Recruit more organizers

Recruitment is how we build our resources: human energy, experience, skill, brilliance, and hope. Here are some ideas that can help.

Intro How to use this guide Phase 1 Build a Team Phase 2 Plan Your Campaign Strategy Phase 3 Tell Your Story Phase 4 Recruit
Phase 5 Train Your Base Phase 6 Take Action Phase 7 Win! anti-racist organizing Tips, tools, and links Financial Resources

Recruit, recruit, recruit!

Recruitment is one of the most important and most challenging aspects of running a campaign. It’s like a heartbeat — the pulse of energy that brings life into our organizing. And like a heartbeat, without it your campaign can fizzle out.

Recruitment is how we build our resources: human energy, experience, skill, brilliance, and hope.

Recruitment is especially important at the beginning of a campaign or upon entering a new phase (for example, escalating after hearing a target will refuse to meet demands). But to keep our campaigns the strongest they can be, we should be recruiting continuously, and retaining the people we’ve already got. Every meeting, action, event, and conversation is an opportunity to recruit.

We can’t count on recruitment happening naturally, and we shouldn’t expect retention to happen without a good plan. That’s why, like any good campaign, recruitment requires a vision of what you want to build to, a strategy for how you will grow your team, tactics to bring new people in, and people to do the work!

Why do we actively recruit?

  • To grow the campaign: Build power for the campaign by creating visibility and by bringing in new members.
  • To spread the word: Build relationships and share our vision with one-on-one conversations and broader recruitment like speeches, movie screenings, etc.
  • To strengthen our team: We’re not just after numbers — we want to find the people who will bring new skills, perspectives, and energy to our work.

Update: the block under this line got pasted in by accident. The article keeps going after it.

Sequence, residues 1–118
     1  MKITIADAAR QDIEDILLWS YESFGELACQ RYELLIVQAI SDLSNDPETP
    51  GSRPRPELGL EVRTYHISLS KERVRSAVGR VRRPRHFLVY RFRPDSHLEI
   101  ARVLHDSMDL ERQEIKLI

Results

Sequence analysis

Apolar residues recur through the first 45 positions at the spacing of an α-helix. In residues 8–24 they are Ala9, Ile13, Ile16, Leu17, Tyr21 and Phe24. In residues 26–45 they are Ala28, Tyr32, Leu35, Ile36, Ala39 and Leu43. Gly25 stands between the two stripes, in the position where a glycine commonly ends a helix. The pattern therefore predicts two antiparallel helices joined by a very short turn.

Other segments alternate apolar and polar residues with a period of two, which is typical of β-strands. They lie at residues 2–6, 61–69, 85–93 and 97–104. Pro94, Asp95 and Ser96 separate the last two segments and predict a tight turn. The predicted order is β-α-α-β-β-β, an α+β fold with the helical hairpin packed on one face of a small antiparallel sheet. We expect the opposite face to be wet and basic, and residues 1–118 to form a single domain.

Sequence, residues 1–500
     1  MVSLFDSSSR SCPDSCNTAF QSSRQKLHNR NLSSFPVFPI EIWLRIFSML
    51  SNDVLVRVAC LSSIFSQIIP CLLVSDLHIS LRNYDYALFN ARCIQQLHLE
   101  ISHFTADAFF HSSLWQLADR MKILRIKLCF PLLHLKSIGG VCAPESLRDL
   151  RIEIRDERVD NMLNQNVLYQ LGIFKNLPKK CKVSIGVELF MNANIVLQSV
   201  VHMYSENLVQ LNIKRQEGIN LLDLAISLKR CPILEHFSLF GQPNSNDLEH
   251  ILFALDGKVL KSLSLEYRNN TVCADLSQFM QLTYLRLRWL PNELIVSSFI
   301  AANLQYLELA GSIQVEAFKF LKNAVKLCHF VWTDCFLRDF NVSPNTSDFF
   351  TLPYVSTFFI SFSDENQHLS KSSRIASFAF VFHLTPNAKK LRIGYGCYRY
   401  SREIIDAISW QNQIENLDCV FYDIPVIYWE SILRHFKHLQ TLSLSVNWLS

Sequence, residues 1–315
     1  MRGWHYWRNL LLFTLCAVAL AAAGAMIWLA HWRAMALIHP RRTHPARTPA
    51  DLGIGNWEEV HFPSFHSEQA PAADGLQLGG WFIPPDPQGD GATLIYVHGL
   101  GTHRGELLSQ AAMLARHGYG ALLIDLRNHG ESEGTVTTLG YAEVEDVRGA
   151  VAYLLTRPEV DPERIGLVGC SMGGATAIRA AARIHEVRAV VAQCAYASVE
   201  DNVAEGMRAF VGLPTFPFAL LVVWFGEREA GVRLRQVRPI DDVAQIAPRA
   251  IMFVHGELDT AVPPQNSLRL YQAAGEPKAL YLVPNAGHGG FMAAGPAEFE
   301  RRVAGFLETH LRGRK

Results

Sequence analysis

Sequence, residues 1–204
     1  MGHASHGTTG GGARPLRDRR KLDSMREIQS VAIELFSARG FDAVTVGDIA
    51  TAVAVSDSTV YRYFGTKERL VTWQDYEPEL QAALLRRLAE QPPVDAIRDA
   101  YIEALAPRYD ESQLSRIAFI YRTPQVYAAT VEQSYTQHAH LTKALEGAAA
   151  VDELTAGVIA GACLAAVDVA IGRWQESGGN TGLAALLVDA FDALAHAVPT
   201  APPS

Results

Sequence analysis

• To develop and retain new leaders: Recruitment gives people a chance to practice messaging, lead a recruitment team, and build commitment to our campaign. Nothing keeps people engaged like feeling responsible for the retention of the people they’ve just recruited.

  • Recruit continuously. You may choose to concentrate your focus on recruitment at the beginning of the semester, but don’t stop there. When our teams stop growing, it’s easy for our creativity and energy to stagnate. Keep an open door to new people, and think about how your events, meetings, and public presence can be recruiting, even after your initial drive.
  • Track your recruits. Recruitment is a waste of time if you’re not tracking the people you bring in. Every time you talk to a new person, get their contact info, and keep all that information up to date in a central database (we like google docs for easy collaboration).
  • Follow-up with new recruits immediately. Once you get someone to sign a petition or an interest form follow up immediately. Giving them a call and inviting them to the next meeting is so much better and more personal than email. From there, it’s time to move them up the leadership ladder.